The International Federation of the Phonographic Industry (IFPI) reported yesterday that the market for legally downloaded digital music has tripled since last year. This explosion of online music sales has helped offset CD sales, which continued its slow year-over-year decline during the same time period.
According to the report, digital music sales hit $790 million in the first half of 2005, compared with sales of $220 million in the same time period a year earlier. Most of those sales, of course, came from Apple Computer's hugely successful iTunes Music Store, which is used by Apple iPod owners and accounts for 82 percent of legal song downloads. Total digital music sales--which include sales of individual tracks and albums and subscription music service fees--now outsell CD-based song singles.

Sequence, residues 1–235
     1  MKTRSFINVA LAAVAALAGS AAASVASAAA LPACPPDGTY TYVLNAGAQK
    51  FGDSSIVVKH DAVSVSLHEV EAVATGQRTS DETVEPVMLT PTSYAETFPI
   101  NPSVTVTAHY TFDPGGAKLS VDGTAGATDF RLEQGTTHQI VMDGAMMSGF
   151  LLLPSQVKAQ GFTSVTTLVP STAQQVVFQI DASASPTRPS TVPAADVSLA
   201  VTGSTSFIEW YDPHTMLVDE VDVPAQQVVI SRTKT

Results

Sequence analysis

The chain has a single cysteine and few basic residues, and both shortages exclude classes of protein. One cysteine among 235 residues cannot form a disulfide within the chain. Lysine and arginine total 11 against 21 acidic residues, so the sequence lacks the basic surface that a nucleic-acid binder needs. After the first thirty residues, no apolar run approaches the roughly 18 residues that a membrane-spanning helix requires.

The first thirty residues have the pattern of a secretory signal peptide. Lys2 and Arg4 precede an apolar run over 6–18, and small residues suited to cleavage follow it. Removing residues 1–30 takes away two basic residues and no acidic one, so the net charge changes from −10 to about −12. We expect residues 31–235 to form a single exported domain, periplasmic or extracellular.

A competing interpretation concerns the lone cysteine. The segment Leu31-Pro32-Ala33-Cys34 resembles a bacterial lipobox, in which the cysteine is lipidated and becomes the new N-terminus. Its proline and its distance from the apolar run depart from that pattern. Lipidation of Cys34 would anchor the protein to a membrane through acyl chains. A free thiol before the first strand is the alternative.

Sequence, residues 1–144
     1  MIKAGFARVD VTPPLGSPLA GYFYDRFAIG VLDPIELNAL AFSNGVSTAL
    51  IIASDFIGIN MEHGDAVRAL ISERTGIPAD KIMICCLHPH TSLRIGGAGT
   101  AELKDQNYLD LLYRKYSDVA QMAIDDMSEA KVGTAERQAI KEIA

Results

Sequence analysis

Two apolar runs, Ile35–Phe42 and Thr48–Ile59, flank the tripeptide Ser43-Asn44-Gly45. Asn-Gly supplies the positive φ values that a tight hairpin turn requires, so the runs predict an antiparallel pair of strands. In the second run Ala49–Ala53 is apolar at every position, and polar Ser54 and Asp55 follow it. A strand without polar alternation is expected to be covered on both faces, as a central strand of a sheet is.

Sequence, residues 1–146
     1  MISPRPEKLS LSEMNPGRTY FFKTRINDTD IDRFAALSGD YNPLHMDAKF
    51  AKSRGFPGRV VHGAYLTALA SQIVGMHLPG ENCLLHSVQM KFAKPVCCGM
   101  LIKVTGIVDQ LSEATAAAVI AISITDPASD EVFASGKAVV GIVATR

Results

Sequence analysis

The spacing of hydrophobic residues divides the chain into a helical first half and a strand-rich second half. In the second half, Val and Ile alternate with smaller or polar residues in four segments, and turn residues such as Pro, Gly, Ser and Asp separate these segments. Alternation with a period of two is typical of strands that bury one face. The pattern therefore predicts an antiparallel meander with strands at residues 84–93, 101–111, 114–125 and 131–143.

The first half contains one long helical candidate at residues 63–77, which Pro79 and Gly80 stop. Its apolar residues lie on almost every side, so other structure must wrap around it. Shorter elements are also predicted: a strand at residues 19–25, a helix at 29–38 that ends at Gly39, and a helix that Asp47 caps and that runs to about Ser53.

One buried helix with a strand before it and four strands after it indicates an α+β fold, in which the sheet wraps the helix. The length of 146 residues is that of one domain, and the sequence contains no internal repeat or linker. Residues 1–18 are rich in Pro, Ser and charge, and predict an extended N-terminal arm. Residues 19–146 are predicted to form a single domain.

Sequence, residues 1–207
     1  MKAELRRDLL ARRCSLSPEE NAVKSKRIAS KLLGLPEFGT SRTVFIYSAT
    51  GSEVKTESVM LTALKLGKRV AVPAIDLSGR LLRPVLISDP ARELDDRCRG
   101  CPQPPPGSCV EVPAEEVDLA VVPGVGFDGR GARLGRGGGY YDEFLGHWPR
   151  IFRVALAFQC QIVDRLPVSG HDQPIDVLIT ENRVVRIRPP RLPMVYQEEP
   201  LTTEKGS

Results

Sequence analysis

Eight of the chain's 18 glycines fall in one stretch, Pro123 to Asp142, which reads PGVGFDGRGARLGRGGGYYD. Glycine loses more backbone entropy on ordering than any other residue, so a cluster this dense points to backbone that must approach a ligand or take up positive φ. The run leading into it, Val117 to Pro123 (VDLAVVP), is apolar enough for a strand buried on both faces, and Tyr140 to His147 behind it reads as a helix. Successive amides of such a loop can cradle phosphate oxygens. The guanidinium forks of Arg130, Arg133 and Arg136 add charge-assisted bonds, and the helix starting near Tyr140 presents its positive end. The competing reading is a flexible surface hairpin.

But don't feel bad for the recording industry yet. During the first half of 2005, overall recorded music sales fell a modest 1.9 percent but still accounted for a whopping $13.2 billion. (In the first half of 2004, music sales were $13.4 billion.) CD and other physical format sales were down 6.3 percent in the period to $12.4 billion. Some of that decline, however, is attributed to lower CD prices: Actual unit volume is down only 3.4 percent.
Despite Apple's successes, hurdles remain. The music piracy market is much, much bigger than Apple's sales, and the recording industry has been fairly aggressive in its pursuit of the world's biggest music pirates. In the past 2 years, the industry has sued almost 15,000 music pirates in the United States. And the music industry feels that it can resuscitate music sales by moving to a more common variable pricing model in which new songs would cost more than Apple's strict 99-cent cost, whereas older songs would cost less. Apple, thus far, has resisted this change, but its contracts with the record labels are expiring in early 2006, and the company might find it has no choice but to comply.